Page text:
On Tuesday, a federal judge issued a permanent injunction against the state of Alabama’s enforcement of its laws banning same-sex marriage.
According to AL.com, Mobile-based U.S. District Judge Callie V. Granade handed down the ruling in the case of Strawser v. Alabama, in which a same-sex couple sued the state over its refusal to recognize their marriage.
Granade’s decision was a permanent injunction on Alabama probate judges or other officials “who would seek to enforce the marriage laws of Alabama that prohibit or fail to recognize same-sex marriage” in defiance of the U.S. Supreme Court’s 2015 ruling making same-sex marriage legal in all 50 states.
The Southern Poverty Law Center (SPLC)’s Scott McCrory issued a statement about the ruling, saying, “This judgment makes permanent what most people have known all along – Alabama state officials must abide by the U.S. Supreme Court’s ruling that legalized same-sex marriage. State officials may not refuse to recognize the legal right of a same-sex couple to marry. This is the law of the land despite Roy Moore’s or the Alabama Supreme Court’s personal beliefs to the contrary.”
Alabama’s Republicans and conservative judges — including now-suspended Chief Justice Roy Moore — have resisted the Supreme Court ruling, but as Judge Granade noted, they must give way before the law.
“Given the actions by Alabama state and local officials during this litigation, both before and after the Supreme Court decided Obergefell (the national same-sex marriage case), it cannot be said with assurance that there is no reasonable expectation that Alabama’s unconstitutional marriage laws will not again be enforced,” she wrote.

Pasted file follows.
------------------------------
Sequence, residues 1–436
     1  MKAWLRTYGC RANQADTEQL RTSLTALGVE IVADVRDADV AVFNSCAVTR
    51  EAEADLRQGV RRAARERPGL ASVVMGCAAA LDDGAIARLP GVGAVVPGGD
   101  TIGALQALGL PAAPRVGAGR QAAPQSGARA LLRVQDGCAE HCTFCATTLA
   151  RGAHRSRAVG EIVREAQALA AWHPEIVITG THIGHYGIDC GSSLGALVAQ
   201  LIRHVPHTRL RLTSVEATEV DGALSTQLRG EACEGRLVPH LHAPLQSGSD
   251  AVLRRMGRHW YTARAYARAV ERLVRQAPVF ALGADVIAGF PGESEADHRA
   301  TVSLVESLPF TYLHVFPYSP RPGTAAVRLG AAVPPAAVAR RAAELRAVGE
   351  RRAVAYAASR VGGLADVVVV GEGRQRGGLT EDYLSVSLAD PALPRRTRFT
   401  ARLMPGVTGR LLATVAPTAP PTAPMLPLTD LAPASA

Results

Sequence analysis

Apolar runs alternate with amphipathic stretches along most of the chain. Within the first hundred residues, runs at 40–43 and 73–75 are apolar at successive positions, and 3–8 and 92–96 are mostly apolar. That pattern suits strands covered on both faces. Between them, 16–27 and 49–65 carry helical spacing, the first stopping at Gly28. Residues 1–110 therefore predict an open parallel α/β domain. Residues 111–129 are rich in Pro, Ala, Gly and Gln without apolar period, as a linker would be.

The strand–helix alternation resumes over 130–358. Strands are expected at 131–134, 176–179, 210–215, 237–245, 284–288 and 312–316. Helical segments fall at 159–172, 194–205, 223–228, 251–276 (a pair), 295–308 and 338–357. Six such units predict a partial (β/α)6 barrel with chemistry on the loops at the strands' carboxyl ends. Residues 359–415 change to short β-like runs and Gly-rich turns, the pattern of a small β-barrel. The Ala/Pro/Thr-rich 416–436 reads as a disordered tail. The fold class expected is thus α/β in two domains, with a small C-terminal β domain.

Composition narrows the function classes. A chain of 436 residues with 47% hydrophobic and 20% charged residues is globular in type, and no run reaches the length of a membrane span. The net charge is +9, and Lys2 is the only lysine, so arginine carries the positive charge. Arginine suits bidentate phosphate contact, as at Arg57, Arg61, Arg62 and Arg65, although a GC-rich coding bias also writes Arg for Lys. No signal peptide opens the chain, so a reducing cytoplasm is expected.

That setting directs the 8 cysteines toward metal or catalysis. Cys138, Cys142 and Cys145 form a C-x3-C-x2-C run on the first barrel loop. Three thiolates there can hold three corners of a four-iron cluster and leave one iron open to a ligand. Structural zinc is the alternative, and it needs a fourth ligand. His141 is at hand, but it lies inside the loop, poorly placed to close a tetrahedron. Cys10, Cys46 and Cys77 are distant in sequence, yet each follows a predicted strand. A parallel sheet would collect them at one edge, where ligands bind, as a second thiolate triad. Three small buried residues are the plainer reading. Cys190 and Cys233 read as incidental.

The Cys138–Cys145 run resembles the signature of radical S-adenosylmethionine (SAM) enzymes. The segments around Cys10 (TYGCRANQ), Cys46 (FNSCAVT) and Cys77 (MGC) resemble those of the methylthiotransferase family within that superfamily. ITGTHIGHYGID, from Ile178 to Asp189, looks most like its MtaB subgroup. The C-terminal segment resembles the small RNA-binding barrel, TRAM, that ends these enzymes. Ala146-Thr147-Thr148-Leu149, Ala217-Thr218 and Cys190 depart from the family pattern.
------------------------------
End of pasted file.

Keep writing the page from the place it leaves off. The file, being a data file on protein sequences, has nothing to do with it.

Granade ruled in 2015 that the state’s laws against same-sex marriage were unconstitutional, but Moore and the state supreme court defied the ruling.
“The failure of the Alabama Supreme Court to set aside its earlier mandamus order and its willingness to uphold that order in the face of the United States Supreme Court’s ruling in Obergefell demonstrate the need for a permanent injunction in this case,” she continued. “It is clear that the decision by the United States Supreme Court in Obergefell does not provide certainty that the alleged violations will not recur.”
Moore was suspended from the bench on ethics charges earlier this year. He has tangled with federal authorities over his attempts to inject his evangelical Christian beliefs into the workings of state government, including a giant Ten Commandments display that was installed in the state’s supreme court building, which higher courts found to be a violation of the Establishment Clause of the U.S. Constitution’s First Amendment.